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Hanging baskets and Window Boxes. How to do 


Window box and hanging basket gardening can be done by almost anyone. It is probably the most versatile and rewarding use of space - other than possibly 'vertical' gardening. Even then, window boxes can be included in a wall garden. Using boxes and containers is a good way to produce flower - and fruit & veg - if you are short of garden space.

The main thing that window boxes and hanging baskets have in common, is the fact that they generally have a smaller amount of soil for the plants to grow in than do normal patio pots - or of course the garden proper. This minimal amount of soil, then leads us to planting many of the same plant types in both hanging baskets and window boxes. Often when planting up for the spring or autumn, there is a choice to be made for a 'special' plant - box or basket!

The other thing they have in common, is the fact that we generally cram far too many plants into hanging baskets and widow boxes than we do for patio containers! But what the heck? It normally makes for a dazzling display!

Hanging BasketsWidow boxes in particular are often positioned where other plants dare not go. Dense shade, draughty corners, baking sunshine. There are applications and plants which will suit all situations with baskets and window troughs.

The term window box, somewhat undermines the versatility of this type of trough, for it can also be a wall box or fence box. In fact any vertical surface can be home to a window box. Again, and overhanging support can be home to a hanging basket. If you don't have an overhang, then there are easy to fix (?) brackets that give you an immediate home for the coveted hanging basket.

We explain how to make the most of your hanging baskets and window boxes for a stunning summer and winter display.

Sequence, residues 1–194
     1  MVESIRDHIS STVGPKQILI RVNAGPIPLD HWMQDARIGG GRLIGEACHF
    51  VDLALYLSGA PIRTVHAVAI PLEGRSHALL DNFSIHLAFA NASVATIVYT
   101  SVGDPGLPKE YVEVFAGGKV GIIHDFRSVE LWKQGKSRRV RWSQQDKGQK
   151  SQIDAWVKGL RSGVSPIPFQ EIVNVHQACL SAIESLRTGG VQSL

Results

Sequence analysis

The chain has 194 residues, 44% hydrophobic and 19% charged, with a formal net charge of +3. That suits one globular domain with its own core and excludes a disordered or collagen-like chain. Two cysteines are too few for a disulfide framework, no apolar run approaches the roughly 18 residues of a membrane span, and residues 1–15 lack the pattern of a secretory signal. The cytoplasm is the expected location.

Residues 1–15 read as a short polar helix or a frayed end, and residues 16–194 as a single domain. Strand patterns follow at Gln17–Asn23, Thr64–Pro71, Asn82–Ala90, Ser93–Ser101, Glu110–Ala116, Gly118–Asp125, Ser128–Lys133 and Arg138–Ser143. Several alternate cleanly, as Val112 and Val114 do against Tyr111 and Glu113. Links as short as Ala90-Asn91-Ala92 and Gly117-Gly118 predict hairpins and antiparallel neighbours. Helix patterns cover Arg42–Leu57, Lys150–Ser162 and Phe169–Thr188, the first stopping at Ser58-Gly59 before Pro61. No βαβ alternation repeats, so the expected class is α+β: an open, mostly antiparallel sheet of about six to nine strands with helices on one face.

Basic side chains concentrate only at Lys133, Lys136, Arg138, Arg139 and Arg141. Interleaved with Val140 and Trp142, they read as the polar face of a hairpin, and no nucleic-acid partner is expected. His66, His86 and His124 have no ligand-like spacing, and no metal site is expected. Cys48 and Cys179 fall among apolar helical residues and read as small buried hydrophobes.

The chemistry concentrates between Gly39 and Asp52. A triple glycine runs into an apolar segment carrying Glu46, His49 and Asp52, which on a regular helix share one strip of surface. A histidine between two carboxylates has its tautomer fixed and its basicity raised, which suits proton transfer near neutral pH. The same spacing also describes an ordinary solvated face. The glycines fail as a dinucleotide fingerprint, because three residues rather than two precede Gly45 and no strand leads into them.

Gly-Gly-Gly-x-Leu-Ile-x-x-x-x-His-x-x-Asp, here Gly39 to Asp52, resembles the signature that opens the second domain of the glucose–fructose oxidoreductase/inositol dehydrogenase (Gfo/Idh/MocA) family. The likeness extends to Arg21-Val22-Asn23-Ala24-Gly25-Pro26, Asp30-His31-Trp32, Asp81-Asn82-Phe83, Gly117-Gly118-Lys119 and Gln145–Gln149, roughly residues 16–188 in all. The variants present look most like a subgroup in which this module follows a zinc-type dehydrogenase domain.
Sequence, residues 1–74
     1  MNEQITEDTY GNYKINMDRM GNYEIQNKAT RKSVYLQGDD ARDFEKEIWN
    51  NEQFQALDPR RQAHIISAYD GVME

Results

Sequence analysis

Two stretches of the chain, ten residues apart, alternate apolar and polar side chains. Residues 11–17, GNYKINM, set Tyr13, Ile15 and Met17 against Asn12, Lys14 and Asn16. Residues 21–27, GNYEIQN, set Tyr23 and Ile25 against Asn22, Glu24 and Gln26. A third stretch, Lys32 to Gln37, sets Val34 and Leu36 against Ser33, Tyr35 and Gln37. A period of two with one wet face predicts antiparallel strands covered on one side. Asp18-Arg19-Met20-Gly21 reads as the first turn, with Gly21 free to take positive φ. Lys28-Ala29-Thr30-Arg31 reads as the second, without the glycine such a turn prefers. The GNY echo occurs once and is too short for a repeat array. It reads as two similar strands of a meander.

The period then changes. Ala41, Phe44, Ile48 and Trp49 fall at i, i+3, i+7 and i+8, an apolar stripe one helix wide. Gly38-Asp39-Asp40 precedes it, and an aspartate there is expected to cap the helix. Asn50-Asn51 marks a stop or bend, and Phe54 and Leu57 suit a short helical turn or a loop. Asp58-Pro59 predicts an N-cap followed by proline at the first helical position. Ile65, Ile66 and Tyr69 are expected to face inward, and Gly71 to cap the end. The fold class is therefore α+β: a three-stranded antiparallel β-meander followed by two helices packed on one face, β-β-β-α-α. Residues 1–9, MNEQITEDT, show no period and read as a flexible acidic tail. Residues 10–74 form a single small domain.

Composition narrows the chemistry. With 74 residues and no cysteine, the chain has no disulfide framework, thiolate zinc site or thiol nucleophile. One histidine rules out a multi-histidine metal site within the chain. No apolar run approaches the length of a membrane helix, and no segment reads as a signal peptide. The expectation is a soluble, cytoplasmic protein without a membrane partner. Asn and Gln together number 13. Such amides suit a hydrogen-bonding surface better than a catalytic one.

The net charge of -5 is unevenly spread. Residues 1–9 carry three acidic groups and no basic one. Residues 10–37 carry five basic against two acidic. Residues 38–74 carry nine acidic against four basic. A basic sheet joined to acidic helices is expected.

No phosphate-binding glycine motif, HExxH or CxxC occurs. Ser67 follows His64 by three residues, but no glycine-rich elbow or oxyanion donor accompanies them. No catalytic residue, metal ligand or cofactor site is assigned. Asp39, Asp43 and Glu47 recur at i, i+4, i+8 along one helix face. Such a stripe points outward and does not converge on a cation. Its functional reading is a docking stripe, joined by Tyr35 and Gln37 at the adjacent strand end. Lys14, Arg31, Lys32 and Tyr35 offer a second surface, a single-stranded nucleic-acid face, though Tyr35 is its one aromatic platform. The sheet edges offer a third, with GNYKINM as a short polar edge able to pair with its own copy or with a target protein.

There are several things you should do in the preparation of your hanging baskets and window boxes to ensure that you are going to get the most out of them - with the least disappointment. All too often, the basic preparation is skimped in the eagerness to get the plants in and growing.

The other basic problem, is that the wrong plants are chosen for given places. Just returning from the garden centre with a selection of nice labels on mini-plants does not always make for future success. Window boxes and Hanging baskets may seem versatile, but they do have pitfalls!

Once you get hooked on planting up boxes, troughs and baskets, there is no need to feel disappointed at the end of the summer when your blooms fade. This about winter colour! It is usually beneficial to us in those gloomy days than in the bright summer days. One thing about planting for winter, is that you can often go 'instant' gardening, for it is ok to use mature plants for instant effect. They will not grow too much during the winter months, so generally the larger the better.

Some of the best displays I have seen with hanging baskets in particular, are those with a narrow range of plants, or even one type of plant used! The Petunia group in particular spring to mind - as does an assortment of just Lobelia colours or Nemesia or Begonias or...........Stop!

If you have a ledge, a wall, or a few screws, welcome to the world of window boxes and hanging baskets. Let your imagination be rewarded with a world of colour!

 



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